You’ve probably heard it said that liposuction isn’t a weight loss procedure. If you’ve got 20, 50 or 100 pounds to lose, liposuction won’t help. Instead, you’ll need to drop the pounds through good old diet and exercise or by pursuing an actual weight loss surgery. Liposuction is meant to help eliminate areas of unwanted fat that remain after weight loss or that you’ve been carrying around even if you’ve been at a healthy weight your entire life.
The fat removed by the surgery is go for good, but that doesn’t mean liposuction is a magical procedure. You can still experience weight gain after liposuction. In fact, patients who gain weight after liposuction tend to see the amount of fat increase in unusual areas, such as in their upper arms or upper abdomen. The removed fat doesn’t come back.
Since weight gain can happen to anyone, for a variety of reasons, it’s important to stay diligent after your fat removal surgery. It helps to work with your doctor to come up with a plan to avoid weight gain. Generally, following the two rules outlined below will help you keep the pounds off.
Keep an Eye on What You Eat
When you were working hard to take the pounds off, odds are you were very focused on what you ate and made sure not to consume too many calories each day. You also might have paid attention to the quality of the food you ate, not just the quantity.
Although you don’t have to follow a strict weight loss diet once the pounds are gone, you do want to make an effort to continue to eat a healthy diet. There are some tricks and tips you can try to reduce your calorie intake or to improve the quality of the food you eat.
- Try eating five or six small meals, instead of three big ones. Eating smaller portions more often during the day helps many people get a handle on their total calorie intake. When you eat more often, you’re less likely to overeat at meals. It’s not uncommon for people who eat larger meals to consume more than they expected to.
- Don’t skip meals. Whether you eat three meals a day or six, it’s important to make sure you eat every scheduled meal. When you skip a meal, you’re more likely to over-indulge at the next one. That means you might eat more than you would have in a single meal than you would have consumed over the course of two meals.
- Find ways to sneak vegetables into your diet. Vegetables are low in calories, high in vitamins and fiber and generally great for your health. Yet, many people don’t get enough vegetables in their diet. Although it can seem difficult to eat as many vegetables as your doctor recommends, there are ways to sneak them into your meals. For example, you can toss a handful of spinach or kale into your scrambled eggs in the morning. You can also pile salad greens or lettuce onto your sandwich at lunch or make a point of eating a salad with at least three different types of vegetables in it at lunch.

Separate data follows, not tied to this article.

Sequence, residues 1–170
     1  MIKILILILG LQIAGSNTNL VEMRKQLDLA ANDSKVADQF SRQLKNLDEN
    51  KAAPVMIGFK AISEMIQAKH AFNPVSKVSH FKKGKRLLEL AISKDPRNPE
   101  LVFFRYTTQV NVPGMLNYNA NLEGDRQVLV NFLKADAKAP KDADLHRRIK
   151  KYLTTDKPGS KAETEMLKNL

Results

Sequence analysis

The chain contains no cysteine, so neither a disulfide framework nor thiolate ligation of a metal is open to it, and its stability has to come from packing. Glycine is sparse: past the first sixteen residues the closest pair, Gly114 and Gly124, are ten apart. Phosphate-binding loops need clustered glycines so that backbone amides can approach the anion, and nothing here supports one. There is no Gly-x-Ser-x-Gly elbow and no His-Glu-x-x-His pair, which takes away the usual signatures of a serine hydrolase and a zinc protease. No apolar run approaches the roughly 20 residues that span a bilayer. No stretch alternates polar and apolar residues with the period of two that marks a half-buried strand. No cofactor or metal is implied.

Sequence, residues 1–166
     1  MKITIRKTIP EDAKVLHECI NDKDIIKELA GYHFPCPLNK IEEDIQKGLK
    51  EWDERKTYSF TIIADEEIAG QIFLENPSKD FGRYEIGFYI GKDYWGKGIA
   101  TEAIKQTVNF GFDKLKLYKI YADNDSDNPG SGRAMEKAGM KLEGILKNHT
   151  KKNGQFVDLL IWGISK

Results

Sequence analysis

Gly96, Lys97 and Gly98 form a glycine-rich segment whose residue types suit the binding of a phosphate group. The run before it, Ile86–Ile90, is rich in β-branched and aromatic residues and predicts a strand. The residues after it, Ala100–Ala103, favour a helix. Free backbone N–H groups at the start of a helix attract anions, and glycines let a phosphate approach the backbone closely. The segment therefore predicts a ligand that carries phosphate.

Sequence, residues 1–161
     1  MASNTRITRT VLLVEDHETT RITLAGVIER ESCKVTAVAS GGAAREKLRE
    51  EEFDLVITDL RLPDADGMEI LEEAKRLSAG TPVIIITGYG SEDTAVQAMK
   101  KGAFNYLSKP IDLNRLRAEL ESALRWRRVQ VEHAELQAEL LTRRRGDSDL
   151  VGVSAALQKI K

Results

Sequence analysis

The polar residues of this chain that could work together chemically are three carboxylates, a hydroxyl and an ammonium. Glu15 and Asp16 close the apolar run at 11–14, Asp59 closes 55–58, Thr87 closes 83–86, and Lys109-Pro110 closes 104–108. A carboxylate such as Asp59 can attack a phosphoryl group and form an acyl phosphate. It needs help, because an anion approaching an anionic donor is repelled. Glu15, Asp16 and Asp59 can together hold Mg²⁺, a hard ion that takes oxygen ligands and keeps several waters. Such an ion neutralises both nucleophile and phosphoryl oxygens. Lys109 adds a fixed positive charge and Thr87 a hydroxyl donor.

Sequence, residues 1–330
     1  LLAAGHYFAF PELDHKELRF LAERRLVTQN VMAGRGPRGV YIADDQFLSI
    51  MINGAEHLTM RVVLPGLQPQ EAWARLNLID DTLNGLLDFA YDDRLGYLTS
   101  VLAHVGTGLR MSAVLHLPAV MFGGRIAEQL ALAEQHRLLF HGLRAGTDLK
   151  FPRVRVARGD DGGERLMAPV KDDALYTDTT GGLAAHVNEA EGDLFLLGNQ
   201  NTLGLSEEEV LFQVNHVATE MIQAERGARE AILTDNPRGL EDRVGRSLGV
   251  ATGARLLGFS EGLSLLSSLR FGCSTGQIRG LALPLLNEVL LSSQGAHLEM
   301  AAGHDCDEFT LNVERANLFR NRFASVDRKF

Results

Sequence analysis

- Limit sweets and treats. You don’t have to give up ice cream or dessert completely to avoid weight gain after liposuction. Instead, focus on making treats just that — a treat. Let yourself have dessert once or twice a week, instead of everyday. If you try to deprive yourself completely, you might end up binging on chocolate or candy one day.
Add Exercise to Your Routine
A healthy diet isn’t the only thing that will help you avoid weight gain after liposuction. Exercising throughout the week (after you’ve fully healed and have gotten the OK from your surgeon, of course) has also been shown to help people avoid weight gain after liposuction.
A 2012 study from Brazil involved 36 healthy, average weight women between the ages of 20 and 35. The women agreed to have about 3 pounds of fat removed through liposuction. Before their surgery, none of the women exercised regularly. Afterwards, half of the women began exercising. Those women went jogging or took a walk for 40 minutes three times a week. They also did light weight training.
The group that exercised did not gain back their lost fat. Meanwhile, the other half the group didn’t exercise and actually became less active than they were before surgery. Not only did that group gain back fat in the four months after surgery, they gained more deep, visceral fat, which isn’t removed by liposuction and which is connected to health problem including heart disease.
When you start exercising after liposuction, your body is likely to use any remaining fat as fuel. Instead of gaining fat, you’re burning it. That can help you keep unwanted pounds off.
To get the most from your liposuction, you’ll want to make a commitment to improving your lifestyle habits all around. To learn more about what to expect from liposuction and what you can do after surgery to help maintain your results, contact Dr. Paul Vitenas, a board certified plastic surgeon in Houston, Texas, today. Call (281) 484-0088 schedule a consultation.